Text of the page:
Our Story

Classic Cumbrian Ceilidh Band

Having played over 1000 shows spanning 23 years, Striding Edge have proved themselves to be a classic ceilidh band of North West England.

This is Our Story:

The Band
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Striding Edge were formed in the winter of 1995. Five like-minded musicians from Kendal, Windermere and Dalton came together with the idea of exploring Lakeland music and taking it in exciting new directions.

Early rehearsals took place in Mike Willoughby’s barn up on the remote Kirsktone pass in Ambleside: As this was a few miles from the iconic Lakeland mountain ridge on Helvellyn, they named the new band Striding Edge.

The emerging music took the long-neglected music of Lakeland from the archives and gave it new life: The skirl of bagpipes and fiddle propelled by dub bass grooves and fiercely funky electric guitar created a brand new sound.

Striding Edge’s reputation for throwing thrilling ceilidhs grew, and 1996 onwards saw the band on a roll, gathering gigs around the Cumbria, North Lancashire with forays to the Midlands and the South. In those days you could see Striding Edge play at regional centers such as The Brewery Arts Centre in Kendal, and The Platform in Morecambe plus a host of starred hotels for private clients.

In 1998 veteran radio producer Mike Harding invited the band to record at this personal studio in Dent: These sessions became Striding Edge’s first mini-album ‘Unleash The Dance.’ By this time Carolyn Francis, one of the North West’s strongest fiddlers, was on board: Her driving playing underpins the album, along with Mike Willoughby’s firey melodeon and Ben McCabe’s world-beat infused drums.

Also taking an interest in the band were promoters of rural community shows: On the eve of a tour of North Pennine village halls in February 2000, bassist Rick Middleton joined the band. Rick’s stalwart presence in the rhythm section was the final element needed to complete the current classic lineup: Striding Edge went on to great success on the tour, playing to a range of packed halls on remote moors.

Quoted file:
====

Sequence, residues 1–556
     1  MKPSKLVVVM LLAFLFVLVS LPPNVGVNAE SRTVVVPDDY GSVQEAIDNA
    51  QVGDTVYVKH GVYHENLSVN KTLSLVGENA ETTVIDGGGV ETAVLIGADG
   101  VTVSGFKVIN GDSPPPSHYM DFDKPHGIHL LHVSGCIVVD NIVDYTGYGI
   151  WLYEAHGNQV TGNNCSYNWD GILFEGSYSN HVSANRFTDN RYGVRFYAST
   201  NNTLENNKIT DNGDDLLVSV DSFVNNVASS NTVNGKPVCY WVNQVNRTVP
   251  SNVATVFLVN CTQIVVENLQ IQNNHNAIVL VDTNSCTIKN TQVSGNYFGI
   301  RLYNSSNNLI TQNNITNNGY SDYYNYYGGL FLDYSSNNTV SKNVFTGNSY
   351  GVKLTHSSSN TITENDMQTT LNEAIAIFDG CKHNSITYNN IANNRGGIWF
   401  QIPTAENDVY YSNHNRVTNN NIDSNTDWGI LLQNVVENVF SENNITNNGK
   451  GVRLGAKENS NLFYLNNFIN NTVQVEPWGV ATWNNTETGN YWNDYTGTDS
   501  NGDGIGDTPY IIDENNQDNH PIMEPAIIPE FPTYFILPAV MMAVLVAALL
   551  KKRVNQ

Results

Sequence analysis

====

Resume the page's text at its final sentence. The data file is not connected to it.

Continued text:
Reflecting their mood of optimism and musical adventure, Striding Edge took to the studio in 2001 with Rick at the helm as a producer. The resulting album, ‘Striding Edge’, is a varied collection from the band at their inventive best, featuring Lakeland dance tunes, original songs, haunting ballads and big brass breaks.

Striding Edge’s reputation amongst the outdoor fraternity was forged in this era: Bookings flowed from well-known mountaineer Doug Scott’s charity Community Action Nepal, while elite fell runners The Bob Graham Round Club chose Striding Edge to round off their bi-annual season with a no-holds-barred ceilidh: Bookings with both organisations continue to this day.

2007-2008 saw Striding Edge launch their new album ‘Borrowdale Johnny’ with 21 shows touring community halls in Cumbria, North Pennines and Dorset. Their most ambitious album yet, ‘Borrowdale Johnny’ is a musical narrative in which a young man leaves his rural home to seek his fortune in the big city. Re-interpretations of classic Lakeland material sit alongside new songs bristling with social commentary: Rock and Reel magazine called it “accomplished, considered and satisfyingly different" and gave it 4 stars.

The next decade of playing saw Striding Edge consolidate their standing in the Cumbrian and North Lancashire regions: Performances ranged across numerous community halls, hotels, hostels and houses. Notable festival appearances and re-bookings were at Fylde Folk Festival, Furness Traditions and Solfest. In April 2015, It was fitting that this people’s band were invited to the Reghed Heritage Centre, Penrith to play music welcoming HRH Prince Charles to the Cumbrian region.

Driven by the demand to play from an appreciative people, Striding Edge continue to stay their course: With an undiminished appetite for playing and innovating, they will undoubtedly remain a musical force in the North West for many years to come!